|Punk and McMahon are big subjects on the return episode of International Object|
Photo Credit: WWE.com
Show: International Object
Run Time: 75ish minutes
Summary: After a months-long hiatus, KSP and Rich Thomas are back on the air. They talk about their old patterns of watching wrestling throughout the week, discuss the concepts of 70s dads vis-à-vis the Four Horsemen, reference The Shining, and talk about all the recent CM Punk news. Rich announces he’s purchased his tickets for WrestleMania XXXI before the guys look at NXT. They break down Vince McMahon’s appearance on Steve Austin’s podcast before returning to Punk, then segueing into a brief look at Lucha Underground.
Quote of the week: Thomas on McMahon claiming he felt uncomfortable being around other people at his wife’s Senate campaign and fundraising events: “There are two types of CEOs: CEOs who like other CEOs and CEOs who don’t like other CEOs. And the problem with the second (group) is they never want to be in a position where they have peers. Those people in that room for a Senate candidate are actually his peers. He doesn’t have ay power over them. He doesn’t have anything that they need. So he’s not richer than them, he’s not more famous than them or any of those things. So he can’t impact them.”
KSP: “He can’t bully them.”
Why you should listen: Because you missed them! If you’re familiar with International Object in the Rich Thomas era, this is pretty much wheelhouse material. The guys are all over the place in their unique fashion, and the breakdown of McMahon’s persona as revealed on the Austin show is probably the most insightful commentary I’ve heard on a rich subject. Each host represents a slightly different demographic, and listeners who identify with either (or, ideally, the part of the Venn diagram where they intersect) are likely to feel they’re being spoken to (or through) directly.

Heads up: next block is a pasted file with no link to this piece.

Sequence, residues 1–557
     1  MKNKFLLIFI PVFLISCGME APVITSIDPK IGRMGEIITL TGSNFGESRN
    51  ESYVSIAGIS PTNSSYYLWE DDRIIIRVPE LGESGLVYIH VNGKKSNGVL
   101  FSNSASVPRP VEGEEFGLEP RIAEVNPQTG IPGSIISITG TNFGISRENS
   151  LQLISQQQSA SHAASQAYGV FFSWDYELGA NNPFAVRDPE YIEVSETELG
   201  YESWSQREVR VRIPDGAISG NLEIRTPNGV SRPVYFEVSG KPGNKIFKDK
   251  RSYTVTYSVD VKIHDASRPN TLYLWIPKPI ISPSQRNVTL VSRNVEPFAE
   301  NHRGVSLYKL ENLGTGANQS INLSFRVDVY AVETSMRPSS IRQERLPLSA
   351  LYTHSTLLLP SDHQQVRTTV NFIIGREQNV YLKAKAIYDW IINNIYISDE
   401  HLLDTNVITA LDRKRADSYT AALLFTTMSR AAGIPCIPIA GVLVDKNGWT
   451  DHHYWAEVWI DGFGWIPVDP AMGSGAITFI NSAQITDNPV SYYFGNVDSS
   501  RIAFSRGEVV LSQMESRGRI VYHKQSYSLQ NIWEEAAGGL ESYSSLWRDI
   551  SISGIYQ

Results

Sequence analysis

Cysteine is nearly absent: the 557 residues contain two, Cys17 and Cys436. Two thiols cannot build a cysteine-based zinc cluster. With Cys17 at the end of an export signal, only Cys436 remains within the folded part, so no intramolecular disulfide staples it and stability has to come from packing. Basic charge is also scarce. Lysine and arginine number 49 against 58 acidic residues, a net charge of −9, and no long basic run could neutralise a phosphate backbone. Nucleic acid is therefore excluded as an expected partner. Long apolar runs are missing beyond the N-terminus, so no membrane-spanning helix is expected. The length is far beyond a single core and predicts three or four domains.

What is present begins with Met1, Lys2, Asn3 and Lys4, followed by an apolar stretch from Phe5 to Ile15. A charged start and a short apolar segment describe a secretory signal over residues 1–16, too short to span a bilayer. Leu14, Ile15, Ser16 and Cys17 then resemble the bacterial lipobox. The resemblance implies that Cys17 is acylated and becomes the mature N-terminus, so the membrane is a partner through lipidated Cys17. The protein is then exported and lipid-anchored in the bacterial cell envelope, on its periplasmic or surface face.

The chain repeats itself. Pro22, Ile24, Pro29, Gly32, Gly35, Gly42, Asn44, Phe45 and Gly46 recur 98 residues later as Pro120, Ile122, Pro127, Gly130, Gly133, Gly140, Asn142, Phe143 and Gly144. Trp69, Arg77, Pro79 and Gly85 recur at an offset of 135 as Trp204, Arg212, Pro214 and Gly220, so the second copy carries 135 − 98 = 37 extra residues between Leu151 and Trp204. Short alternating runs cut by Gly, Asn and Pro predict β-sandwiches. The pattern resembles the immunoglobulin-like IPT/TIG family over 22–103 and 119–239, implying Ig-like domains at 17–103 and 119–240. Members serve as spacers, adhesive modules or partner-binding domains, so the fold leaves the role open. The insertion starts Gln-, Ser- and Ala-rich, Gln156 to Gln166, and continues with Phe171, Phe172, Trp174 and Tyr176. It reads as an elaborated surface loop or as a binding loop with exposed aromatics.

Why you should skip it: International Object isn’t for everyone. It’s a Canadian writer/designer and a Silicon Valley professional (and serious photography hobbyist) who like wrestling and other forms of entertainment and are committed to discussing it as an art form. They’ve been together for dozens of episodes and are, quite frankly, an acquired taste. A bit of rust is to be expected given the length of their hiatus, but a first-time listener won’t come in with any “happy to have them back” vibes that might excuse a bit of scattershot focus.
Final thoughts: I’ve always used this space to review professional podcasts while leaving my personal amateur favorites, like Old School Wrestling Podcast and What A Maneuver in the “you should just listen to every episode because, duh, why wouldn’t you?” category. But IO had been gone for quite some time, and its return warranted a quick look. I’m dead serious about the McMahon stuff being notably perceptive — it’s essential to view him as he fits into the real world and not in the context of his own created universe — and many other segments will quickly remind regular listeners why they became fans in the first place.
If I’m not mistaken, the entire IO catalog is available online. Many older episodes are far more evergreen and worth a listen for anyone curious about the chemistry and viewpoint that makes this show compelling.